You can read and watch some of Dr. Hotez’s comments on the outbreak here:
In Global Epidemics, Local Implications, Kevin J. A. Thomas uses the 2013 Ebola crisis in Dallas to highlight the complex ways in which disease outbreaks that begin in one part of the world affect the lives of immigrants in another.
Back when the virus first started to make headlines, many stories linked its name to that of the Chinese city in which it originated: Wuhan. In an effort to bring visibility to the social and cultural consequences such an association may invoke, Dr. Thomas spoke with news outlets about what we learned from the Ebola crisis and the negative impacts this had on African immigrants.
You can learn more via the following links:
In Prevention First, Dr. Anand K. Parekh, argues that disease prevention must be our nation's top health policy priority, with elected officials and policymakers playing a greater role in reducing preventable deaths.
Dr. Parekh has spoken with the Sirius XM POTUS show about what we could be doing to prevent the spread of COVID-19, and how we might prevent outbreaks like this in the future. Listen here: https://app.criticalmention.com/app/#clip/view/bfbc69f8-e65c-40e6-91e9-f03ec672e7d7?token=b43a9e78-f409-4be0-9d65-60ec0d1931a5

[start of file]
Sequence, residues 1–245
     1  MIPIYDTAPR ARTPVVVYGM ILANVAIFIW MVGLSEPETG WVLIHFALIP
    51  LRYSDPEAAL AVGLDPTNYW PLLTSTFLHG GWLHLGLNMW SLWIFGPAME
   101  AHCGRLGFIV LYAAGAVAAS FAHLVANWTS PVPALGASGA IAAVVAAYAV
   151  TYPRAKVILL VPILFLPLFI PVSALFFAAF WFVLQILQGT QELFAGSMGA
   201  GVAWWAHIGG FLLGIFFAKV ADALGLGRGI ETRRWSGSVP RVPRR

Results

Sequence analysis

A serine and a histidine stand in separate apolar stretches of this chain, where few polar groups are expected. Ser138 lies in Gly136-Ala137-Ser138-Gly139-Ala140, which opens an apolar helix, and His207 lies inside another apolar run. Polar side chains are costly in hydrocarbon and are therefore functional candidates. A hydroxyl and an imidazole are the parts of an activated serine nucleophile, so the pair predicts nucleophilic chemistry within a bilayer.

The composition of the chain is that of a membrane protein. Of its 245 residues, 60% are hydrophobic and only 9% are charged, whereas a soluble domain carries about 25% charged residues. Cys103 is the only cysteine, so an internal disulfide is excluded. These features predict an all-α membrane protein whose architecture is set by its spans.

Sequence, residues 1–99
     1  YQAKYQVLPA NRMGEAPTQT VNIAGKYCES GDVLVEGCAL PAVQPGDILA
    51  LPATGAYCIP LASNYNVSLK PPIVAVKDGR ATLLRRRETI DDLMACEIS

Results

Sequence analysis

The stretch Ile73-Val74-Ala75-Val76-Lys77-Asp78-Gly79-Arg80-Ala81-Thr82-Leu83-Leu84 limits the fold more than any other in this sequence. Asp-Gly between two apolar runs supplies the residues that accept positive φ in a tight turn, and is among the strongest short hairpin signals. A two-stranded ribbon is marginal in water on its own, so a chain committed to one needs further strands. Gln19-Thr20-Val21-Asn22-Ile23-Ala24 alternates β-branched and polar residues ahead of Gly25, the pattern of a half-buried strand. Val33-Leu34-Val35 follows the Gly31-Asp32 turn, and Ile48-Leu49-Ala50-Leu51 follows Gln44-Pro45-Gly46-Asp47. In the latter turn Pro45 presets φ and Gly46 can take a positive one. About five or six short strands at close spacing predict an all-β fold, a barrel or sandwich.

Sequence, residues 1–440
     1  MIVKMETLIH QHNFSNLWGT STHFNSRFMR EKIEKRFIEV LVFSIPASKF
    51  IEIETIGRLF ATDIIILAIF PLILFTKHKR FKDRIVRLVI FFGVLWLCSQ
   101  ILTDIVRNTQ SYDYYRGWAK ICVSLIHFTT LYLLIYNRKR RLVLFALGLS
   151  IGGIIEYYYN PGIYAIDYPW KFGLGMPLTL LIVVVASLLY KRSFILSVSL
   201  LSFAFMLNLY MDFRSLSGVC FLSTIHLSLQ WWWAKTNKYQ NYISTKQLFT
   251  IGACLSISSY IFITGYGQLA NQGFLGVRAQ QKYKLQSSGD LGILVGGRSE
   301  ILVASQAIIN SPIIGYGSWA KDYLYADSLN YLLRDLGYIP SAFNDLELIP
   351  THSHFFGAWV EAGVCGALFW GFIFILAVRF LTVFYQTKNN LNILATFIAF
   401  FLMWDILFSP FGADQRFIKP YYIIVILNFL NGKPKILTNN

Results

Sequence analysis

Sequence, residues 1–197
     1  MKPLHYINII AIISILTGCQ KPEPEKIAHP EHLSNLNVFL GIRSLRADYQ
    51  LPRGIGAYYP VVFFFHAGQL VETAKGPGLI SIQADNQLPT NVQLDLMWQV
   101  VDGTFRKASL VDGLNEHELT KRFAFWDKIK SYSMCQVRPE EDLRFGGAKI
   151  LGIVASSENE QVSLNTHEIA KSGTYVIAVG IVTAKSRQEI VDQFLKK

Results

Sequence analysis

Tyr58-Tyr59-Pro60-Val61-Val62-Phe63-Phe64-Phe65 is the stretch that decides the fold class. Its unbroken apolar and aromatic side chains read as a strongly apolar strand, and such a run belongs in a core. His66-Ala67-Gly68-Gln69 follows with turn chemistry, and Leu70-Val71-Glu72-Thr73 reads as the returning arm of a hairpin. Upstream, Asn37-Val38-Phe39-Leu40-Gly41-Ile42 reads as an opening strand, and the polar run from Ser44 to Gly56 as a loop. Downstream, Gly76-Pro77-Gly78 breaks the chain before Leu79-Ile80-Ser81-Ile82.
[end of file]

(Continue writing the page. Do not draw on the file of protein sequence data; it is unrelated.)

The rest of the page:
Pandemics, Pills, and Politics shows that the story of Tamiflu harbors deeper lessons about the vexing political, economic, legal, social, and regulatory tensions that emerge as twenty-first-century security policy takes a pharmaceutical turn.
In its seventy years, the Centers for Disease Control and Prevention (CDC) has evolved from a malaria control program to an institution dedicated to improving health for all people across the world. The Fears of the Rich, The Needs of the Poor is a revealing account of the CDC’s development by its former director, public health luminary William H. Foege.
In Life and Death in Rikers Island, Homer Venters, the former chief medical officer for New York City's jails, explains the profound health risks associated with incarceration. From neglect and sexual abuse to blocked access to care and exposure to brutality, Venters details how jails are designed and run to create new health risks for prisoners—all while forcing doctors and nurses into complicity or silence.
Unfortunately, when we speak about vulnerable populations, it is rare we give a thought to the prison community. Living in such close proximity to one another (and with often unsafe and unhealthy conditions, as Dr. Venters describes in his book), inmates are especially susceptible to highly contagious illnesses. Dr. Venters wrote an op-ed for The Hill about what we can be doing to help mitigate this risk: https://thehill.com/opinion/criminal-justice/485236-4-ways-to-protect-our-jails-and-prisons-from-coronavirus?rnd=1582932792
Packed with illustrations, stories from Dr. William E. Paul’s distinguished career, and fascinating accounts of scientific discovery, Immunity presents the three laws of the human immune system—universality, tolerance, and appropriateness—and explains how the system both protects and harms us.